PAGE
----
Intel reveals ‘Thunderbolt’ high-speed connection technology

24 Feb 2011

Intel today took the wraps off a new technology called Thunderbolt that runs at 10Gbps and will revolutionise display and transfer. Apple is the first customer to offer Thunderbolt technology, coming first on its new line of MacBook Pro laptops.

The vision for the blisteringly fast Thunderbolt technology – originally called Light Peak – is to move media faster, simplify connections between devices, and foster new and exciting ways to build and use PCs.

Combining high-speed data and HD video connections together onto a single cable is instrumental to achieving that vision, Intel said.

Thunderbolt technology delivers this via two communications methods, or protocols – PCI Express for data transfer and DisplayPort for displays.

PCI Express has the flexibility to connect to almost any type of device, and DisplayPort can drive greater than 1,080p resolution displays and up to eight channels of audio simultaneously.

Thunderbolt technology is compatible with existing DisplayPort displays and adapters. All Thunderbolt technology devices share a common connector, and lets individuals simply daisy-chain their devices one after another, connected by electrical or optical cables.

At 10Gbps, larger media files are transferred faster so there’s less time spent waiting to watch and edit videos. Data can be backed up and restored quicker, so there’s less waiting for archived content.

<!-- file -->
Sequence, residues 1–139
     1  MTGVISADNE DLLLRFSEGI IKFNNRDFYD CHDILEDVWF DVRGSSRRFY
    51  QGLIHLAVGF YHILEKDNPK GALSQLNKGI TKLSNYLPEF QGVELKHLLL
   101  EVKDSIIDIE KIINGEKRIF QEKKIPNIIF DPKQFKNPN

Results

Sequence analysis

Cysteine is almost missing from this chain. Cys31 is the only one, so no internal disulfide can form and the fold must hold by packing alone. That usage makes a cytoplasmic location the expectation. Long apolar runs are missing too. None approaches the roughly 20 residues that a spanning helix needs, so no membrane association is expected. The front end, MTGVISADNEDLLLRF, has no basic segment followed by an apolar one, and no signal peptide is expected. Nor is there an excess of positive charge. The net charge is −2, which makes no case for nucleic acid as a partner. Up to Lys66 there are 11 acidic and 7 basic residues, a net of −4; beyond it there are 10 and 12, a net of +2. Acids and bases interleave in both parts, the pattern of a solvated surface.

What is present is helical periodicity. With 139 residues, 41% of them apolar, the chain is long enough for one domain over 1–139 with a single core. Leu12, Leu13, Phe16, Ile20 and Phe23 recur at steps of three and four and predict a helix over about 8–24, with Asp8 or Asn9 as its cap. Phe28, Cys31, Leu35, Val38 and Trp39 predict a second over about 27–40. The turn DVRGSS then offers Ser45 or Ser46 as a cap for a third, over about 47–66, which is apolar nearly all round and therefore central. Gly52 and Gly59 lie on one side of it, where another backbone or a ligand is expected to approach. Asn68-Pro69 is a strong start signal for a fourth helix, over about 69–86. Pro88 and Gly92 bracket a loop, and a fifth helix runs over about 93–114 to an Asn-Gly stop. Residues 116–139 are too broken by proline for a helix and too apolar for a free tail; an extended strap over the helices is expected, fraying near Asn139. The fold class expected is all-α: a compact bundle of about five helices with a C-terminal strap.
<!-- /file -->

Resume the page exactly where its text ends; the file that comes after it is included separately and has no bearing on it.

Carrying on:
For mobile PC users, it means having a single connector on their ultra-thin laptop that extends their high-speed media and HD display capabilities at home or in the office. Thunderbolt technology is complementary to other I/O technologies that Intel continues to support.

The HD challenge for PCs

“Working with HD media is one of the most demanding things people do with their PCs,” said Mooly Eden, general manager, PC Client Group, Intel.

“With Thunderbolt technology, Intel has delivered innovative technology to help professionals and consumers work faster and more easily with their growing collection of media content, from music to HD movies. We’ve taken the vision of simple, fast transfer of content between PCs and devices, and made it a reality.”

Thunderbolt technology is powered by an Intel controller chip, and uses a small connector suitable for mobile devices that will be included in products supporting the technology.

Several companies have announced Thunderbolt technology-based products, or currently plan to support Thunderbolt technology in upcoming products, including Aja, Apogee, Avid, Blackmagic, LaCie, Promise and Western Digital.

Intel said it is working with the industry on a range of Thunderbolt technology-enabled products, including computers, displays, storage devices, audio/video devices, cameras, docking stations and more.

“We’re thrilled to collaborate with Intel to bring the groundbreaking Thunderbolt technology to Mac users,” said Bob Mansfield, Apple’s senior vice-president of Mac Hardware Engineering.

“With ultra-fast transfer speeds, support for high-resolution displays and compatibility with existing I/O technologies, Thunderbolt is a breakthrough for the entire industry and we think developers are going to have a blast with it,” Mansfield said.

John Kennedy is a journalist who served as editor of Silicon Republic for 17 years